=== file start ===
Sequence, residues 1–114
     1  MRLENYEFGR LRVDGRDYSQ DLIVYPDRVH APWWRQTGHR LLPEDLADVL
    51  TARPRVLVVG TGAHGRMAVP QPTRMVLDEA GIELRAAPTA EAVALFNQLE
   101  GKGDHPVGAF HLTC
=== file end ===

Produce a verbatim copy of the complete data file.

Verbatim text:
Sequence, residues 1–114
     1  MRLENYEFGR LRVDGRDYSQ DLIVYPDRVH APWWRQTGHR LLPEDLADVL
    51  TARPRVLVVG TGAHGRMAVP QPTRMVLDEA GIELRAAPTA EAVALFNQLE
   101  GKGDHPVGAF HLTC